The great William Friedkin’s final credit will be on this weekend’s excellent adaptation of “The Caine Mutiny Court-Martial,” a Showtime/Paramount+ film that might at first seem slight for the man who gave the world “The Exorcist” and “The French Connection,” but this is a deceptively brilliant piece of work, a reminder of the refined, undeniable abilities of its creator. Yes, it all takes place in one room, giving it an inherently theatrical quality, but Friedkin always could open up stage works for the screen without betraying what worked about them in their original form—look no further than “Bug,” for example. Here, his touch is incredibly subtle, making calculated choices with his camera and his cuts while directing an ace ensemble to captivating performances. When one takes a step back from this version of the timeless Herman Wouk tale of rebellion, one can appreciate what Friedkin brings to it and feel a pang of regret that we won’t get that specific gift again.
The bittersweet nature of “The Caine Mutiny Court-Martial” is in front of the camera, too, with the casting of the great Lance Reddick as Captain Luther Blakley, the head of a proceeding regarding the charge of mutiny against one Lieutenant Stephen Maryk (Jake Lacy). Reddick plays Blakley with such authority that it really grounds the whole affair, reminding one how much his gravity could impact a production. It’s almost like this is being heard by God.
The hearing of Lieutenant Maryk is a court-martial for mutiny aboard the Caine, a ship that was caught in a cyclone in the Strait of Hormuz. During a conflict over how to get the ship and its crew safely through this natural disaster, Maryk and a group of allies basically relieved Captain Phillip Queeg (Kiefer Sutherland) of his command. Now, Maryk may be the one on trial, but Defense Attorney Lieutenant Barney Greenwald (Jason Clarke) understands that Queeg will have to be the main defendant. If they can prove that Queeg wasn’t sane enough to captain the ship, Maryk will go free. Monica Raymund plays the lead prosecutor, Lewis Pullman plays Thomas Keefer (an ally of Maryk’s on that fateful day), and Tom Riley and Jay Duplass play further witnesses to Queeg and Maryk’s state of mind.
“The Caine Mutiny Court-Martial” doesn’t leave the hearing for most of its action. There are no flashbacks aboard the Caine, leaving viewers to form their own opinions via the testimony of the major players. From the beginning, Friedkin, cinematographer Michael Grady, and editor Darrin Navarro play subtle games with how this story is told. Take the first three testimonies. Queeg is framed mostly alone with few cuts and relatively close, giving him a majority of the frame in a manner that befits his captain role and the potential that he abused his power. The second witness, Keefer, is framed a little further back, allowing Raymund’s Commander Challee to share the frame and cut in a way that reflects his lower status from Queeg. Finally, an underling named Urban (Gabe Kessler) is shot from a distance so all the people in the room can be seen, making the witness small in the frame. These subtle choices impact what we think of these characters—Friedkin always made choices even when he wasn’t underlining and highlighting them in ways that lesser directors do.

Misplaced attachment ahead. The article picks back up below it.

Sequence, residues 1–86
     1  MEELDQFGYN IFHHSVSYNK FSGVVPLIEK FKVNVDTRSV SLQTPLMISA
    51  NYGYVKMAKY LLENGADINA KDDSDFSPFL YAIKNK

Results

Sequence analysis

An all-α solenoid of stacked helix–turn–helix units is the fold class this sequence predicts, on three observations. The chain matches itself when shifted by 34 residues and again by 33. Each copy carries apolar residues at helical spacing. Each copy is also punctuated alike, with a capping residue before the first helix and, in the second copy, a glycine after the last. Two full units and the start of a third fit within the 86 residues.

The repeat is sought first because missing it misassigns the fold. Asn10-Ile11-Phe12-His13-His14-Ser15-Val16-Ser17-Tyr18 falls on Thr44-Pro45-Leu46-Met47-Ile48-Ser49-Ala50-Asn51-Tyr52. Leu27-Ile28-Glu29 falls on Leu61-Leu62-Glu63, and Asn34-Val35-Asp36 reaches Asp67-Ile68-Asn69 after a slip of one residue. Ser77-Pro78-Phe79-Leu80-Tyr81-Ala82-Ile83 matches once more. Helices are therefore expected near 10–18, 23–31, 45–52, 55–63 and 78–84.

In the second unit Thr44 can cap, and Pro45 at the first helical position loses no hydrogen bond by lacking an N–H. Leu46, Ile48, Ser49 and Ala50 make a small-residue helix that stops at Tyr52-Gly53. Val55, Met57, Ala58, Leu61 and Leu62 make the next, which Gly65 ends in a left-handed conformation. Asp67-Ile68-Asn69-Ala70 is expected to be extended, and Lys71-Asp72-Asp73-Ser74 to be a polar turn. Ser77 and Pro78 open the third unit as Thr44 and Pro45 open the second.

And while he doesn’t lean into the readings of a film about a man inherently incapable of leading in a time of unexpected crisis, given the recent leadership failures around the world, it doesn’t seem coincidental that Friedkin is making this movie now. There’s a lesser version of this that makes its politics more obvious, although I would argue Friedkin doesn’t avoid that reading at all, especially in the final scenes that suggest leadership has partly collapsed because of the caliber of the men being led.
Friedkin was also a remarkable director of performance, and he brings Sutherland to one of the best acting turns of his career. Sutherland really only has two scenes—once as a witness for the prosecution and once as a witness for the defense—and he brings a unique energy to the legendary Queeg. This character has often been wide-eyed power run amok, but Sutherland presents him almost more as a victim of PTSD, someone whose anxiety has made him a monster. Macy and Pullman are also solid, but the stand-out beyond Sutherland is Clarke, especially how he nails Greenwald’s general reticence at taking down a final soldier and handles the infamous final scene.
Without spoiling, the last speech of “The Caine Mutiny Court-Martial” is designed to provoke the audience, and Friedkin loved to provoke. It’s so fitting that his final film contains such a divisive epilogue, a scene that arguably twists the perceived intent of the trial that came before it all, showing it all to just be broken products of a broken system. It’s perfect for a director who tore down the facades of societal norms like religion, authority, and even sanity. And it’s a reminder of what we’ve lost with his departure.
On Paramount+ tomorrow, October 6th, and on Showtime on October 8th.